Deadrise- What does it mean and what does it do?

A very common number thrown around when comparing boats, especially Center Consoles, is the Deadrise Angle of the hull measured at the transom. Because most planing hulls when “on plane” ride on the aft 30-50% of the hull, the deadrise angle aft is critically important for stability and soft, level ride. But what is it exactly? Put quite simply, it is the angle between a horizontal plane and the hull surface. A boat with “a lot of deadrise” is a boat with a deeper, sharper V-shaped hull. All Southport hulls carry a 22 degree deadrise angle at the transom – 46 degrees at the bow, whereas a typical flats boat, for this example, might carry just 8 degrees of deadrise, or have a completely flat bottom is some cases (like certain “skiff” boats). For that style boat, a flat, low deadrise hull is ideal and highly desired to permit these “skinny water” boats to navigate in areas where the water is less than 8-inches deep, and effectively track the fish that live in those waters. But, taking these boats offshore or into any kind of sea much over 2-feet will result in a wet ride with lots of pounding.

Southports on the other hand, while not designed to traverse flats or exceptionally shallow areas, use that Deep-V to their advantage in open water. The V shape minimizes “slamming,” softens the entry and helps the boat track as if on rails. It is how the hull surface meets and treats the water. A flat bottom boat has less ability to efficiently channel the water away as it meets the boats hull, whereas a V shaped hull can cut through the water.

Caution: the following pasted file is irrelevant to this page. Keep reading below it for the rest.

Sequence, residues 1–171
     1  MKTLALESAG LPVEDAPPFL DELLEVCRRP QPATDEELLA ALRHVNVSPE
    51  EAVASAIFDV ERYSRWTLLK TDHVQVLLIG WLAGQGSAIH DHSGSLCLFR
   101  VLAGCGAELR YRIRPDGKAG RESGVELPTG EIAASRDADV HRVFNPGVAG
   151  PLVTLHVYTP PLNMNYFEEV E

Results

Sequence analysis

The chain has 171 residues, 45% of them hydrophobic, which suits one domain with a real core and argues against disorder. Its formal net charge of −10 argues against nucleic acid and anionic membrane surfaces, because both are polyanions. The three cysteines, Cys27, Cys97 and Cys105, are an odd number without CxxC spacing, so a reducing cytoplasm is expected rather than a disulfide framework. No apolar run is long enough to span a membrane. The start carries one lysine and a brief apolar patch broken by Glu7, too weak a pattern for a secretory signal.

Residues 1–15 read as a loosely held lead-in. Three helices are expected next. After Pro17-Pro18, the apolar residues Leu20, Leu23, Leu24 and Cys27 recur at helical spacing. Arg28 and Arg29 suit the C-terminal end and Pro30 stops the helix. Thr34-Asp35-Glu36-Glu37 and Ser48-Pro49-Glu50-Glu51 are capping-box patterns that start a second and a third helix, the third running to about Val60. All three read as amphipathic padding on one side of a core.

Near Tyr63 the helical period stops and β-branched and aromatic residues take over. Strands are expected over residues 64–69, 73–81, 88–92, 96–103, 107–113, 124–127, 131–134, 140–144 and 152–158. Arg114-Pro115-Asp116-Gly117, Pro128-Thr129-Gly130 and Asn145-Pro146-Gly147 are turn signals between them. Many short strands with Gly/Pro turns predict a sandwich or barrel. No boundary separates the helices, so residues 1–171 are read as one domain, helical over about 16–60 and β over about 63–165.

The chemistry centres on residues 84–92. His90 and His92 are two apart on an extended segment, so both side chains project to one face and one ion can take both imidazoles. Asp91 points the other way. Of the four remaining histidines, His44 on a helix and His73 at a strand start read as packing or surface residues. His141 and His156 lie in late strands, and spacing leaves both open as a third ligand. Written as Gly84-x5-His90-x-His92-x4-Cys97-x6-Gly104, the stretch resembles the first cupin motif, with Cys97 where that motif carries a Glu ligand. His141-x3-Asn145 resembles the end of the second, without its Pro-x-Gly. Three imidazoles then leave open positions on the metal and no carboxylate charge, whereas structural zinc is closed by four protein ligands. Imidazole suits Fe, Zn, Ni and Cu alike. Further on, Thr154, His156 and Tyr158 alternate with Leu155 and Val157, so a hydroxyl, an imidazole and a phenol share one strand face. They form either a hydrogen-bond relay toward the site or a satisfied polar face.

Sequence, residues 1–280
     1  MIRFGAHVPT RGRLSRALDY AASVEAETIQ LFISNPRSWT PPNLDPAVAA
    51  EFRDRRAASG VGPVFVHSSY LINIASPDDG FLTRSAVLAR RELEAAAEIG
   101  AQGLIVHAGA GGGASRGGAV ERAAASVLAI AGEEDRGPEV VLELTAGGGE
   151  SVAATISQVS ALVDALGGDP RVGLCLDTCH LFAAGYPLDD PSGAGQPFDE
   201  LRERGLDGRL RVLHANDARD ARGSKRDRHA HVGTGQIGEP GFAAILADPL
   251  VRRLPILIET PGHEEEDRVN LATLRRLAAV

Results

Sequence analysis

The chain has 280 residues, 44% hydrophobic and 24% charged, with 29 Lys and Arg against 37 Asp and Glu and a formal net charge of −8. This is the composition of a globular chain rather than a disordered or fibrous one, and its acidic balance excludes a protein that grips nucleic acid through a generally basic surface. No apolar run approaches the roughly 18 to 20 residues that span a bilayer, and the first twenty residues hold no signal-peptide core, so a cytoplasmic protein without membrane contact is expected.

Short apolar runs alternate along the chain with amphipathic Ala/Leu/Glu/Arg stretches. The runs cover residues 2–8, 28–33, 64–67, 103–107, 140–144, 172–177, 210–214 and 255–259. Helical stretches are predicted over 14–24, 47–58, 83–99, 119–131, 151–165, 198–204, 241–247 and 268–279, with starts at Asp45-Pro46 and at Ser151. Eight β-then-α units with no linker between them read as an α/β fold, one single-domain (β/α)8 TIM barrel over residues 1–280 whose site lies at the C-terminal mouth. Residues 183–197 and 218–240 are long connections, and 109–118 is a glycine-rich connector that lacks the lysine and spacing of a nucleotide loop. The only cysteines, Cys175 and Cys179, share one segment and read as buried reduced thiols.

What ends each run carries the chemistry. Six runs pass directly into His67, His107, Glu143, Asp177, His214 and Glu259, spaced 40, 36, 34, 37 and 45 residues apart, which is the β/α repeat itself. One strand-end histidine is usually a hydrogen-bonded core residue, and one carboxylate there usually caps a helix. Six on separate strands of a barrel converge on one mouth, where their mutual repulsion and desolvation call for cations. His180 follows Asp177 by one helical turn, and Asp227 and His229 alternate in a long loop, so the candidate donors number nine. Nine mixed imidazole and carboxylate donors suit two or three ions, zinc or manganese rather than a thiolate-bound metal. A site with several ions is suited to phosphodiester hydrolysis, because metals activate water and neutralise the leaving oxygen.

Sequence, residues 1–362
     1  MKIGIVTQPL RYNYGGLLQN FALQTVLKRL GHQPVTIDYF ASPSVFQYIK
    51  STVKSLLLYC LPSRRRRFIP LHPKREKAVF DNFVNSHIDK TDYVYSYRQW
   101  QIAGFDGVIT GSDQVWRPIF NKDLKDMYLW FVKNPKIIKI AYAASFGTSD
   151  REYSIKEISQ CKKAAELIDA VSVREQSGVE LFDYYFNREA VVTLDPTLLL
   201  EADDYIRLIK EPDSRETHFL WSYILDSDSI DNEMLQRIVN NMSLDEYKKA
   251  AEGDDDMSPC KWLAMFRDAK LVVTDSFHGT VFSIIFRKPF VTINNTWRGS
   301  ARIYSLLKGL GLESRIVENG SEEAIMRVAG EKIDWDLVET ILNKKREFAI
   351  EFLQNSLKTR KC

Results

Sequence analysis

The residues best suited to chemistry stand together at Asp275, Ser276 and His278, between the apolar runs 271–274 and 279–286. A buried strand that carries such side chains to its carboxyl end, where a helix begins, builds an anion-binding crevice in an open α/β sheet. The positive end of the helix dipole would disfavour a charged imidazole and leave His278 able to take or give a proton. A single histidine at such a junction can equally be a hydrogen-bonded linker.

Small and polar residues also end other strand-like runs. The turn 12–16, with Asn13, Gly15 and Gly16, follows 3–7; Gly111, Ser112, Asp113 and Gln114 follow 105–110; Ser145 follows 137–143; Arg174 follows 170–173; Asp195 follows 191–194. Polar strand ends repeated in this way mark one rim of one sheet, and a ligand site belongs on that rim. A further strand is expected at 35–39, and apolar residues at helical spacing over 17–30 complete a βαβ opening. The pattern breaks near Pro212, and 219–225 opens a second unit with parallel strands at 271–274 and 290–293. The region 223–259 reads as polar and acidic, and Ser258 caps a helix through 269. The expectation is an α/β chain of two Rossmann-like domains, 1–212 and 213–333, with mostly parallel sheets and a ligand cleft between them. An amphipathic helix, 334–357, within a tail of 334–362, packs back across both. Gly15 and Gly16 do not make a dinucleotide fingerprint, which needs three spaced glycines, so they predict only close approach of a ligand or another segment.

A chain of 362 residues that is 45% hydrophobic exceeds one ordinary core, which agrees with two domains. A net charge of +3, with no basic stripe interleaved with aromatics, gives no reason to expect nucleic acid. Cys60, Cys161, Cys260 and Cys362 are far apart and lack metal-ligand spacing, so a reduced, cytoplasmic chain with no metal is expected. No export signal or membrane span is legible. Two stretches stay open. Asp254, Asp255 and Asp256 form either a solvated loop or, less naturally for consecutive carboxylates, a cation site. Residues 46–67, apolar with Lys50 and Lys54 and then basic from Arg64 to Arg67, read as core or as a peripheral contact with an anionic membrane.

Like all aspects of boat design, there is a tradeoff, and it is ultimately a matter of priorities that decide which hull design boat is right for the application. The deeper the V, the softer the reentry impact; however, the flatter the bottom the more stable. Early on the ideal established for high performance, the V shape, was popularized by C. Raymond Hunt when designing boats for offshore racing. The earliest example would be Moppie, the original carnation of the popular and iconic 31’ Bertram, which carried a deadrise of 24 + degrees. These boats wanted to “go fast” with little concern for driver comfort at anything less than full performance.

As time has progressed and the hull form has found its way into a more recreational application there has been a shift to maintain the soft ride while delivering some lateral stability and to reduce bow rise. The latter can be problematic when running in seas too “angry” to permit high speeds. It is dangerous when the operator cannot see over the bow – either when accelerating, or driving at reduced throttle in rough seas. It is for this reason the Hunt studio when designing the Southport bottom chose 22 degrees (not quite as sharp yet enough V to reduce slamming) for the aft section of the hull. As a result Southport Boats jump onto plane, and stay on plane at lower speeds – very desirable when the seas are sloppy. And with this slightly reduced angle the soft entry is preserved while delivering improved stability – both at rest when drifting over a bar or trolling for the big one. Of course the generous beam of a Southport adds to both stability and lift.

The Southport ride comes from more than just the angle of the transom: as you may have guessed, the dead rise angle varies considerably across the length of the hull, and this is called “Variable Deadrise”. Check out our next post for an in depth explanation.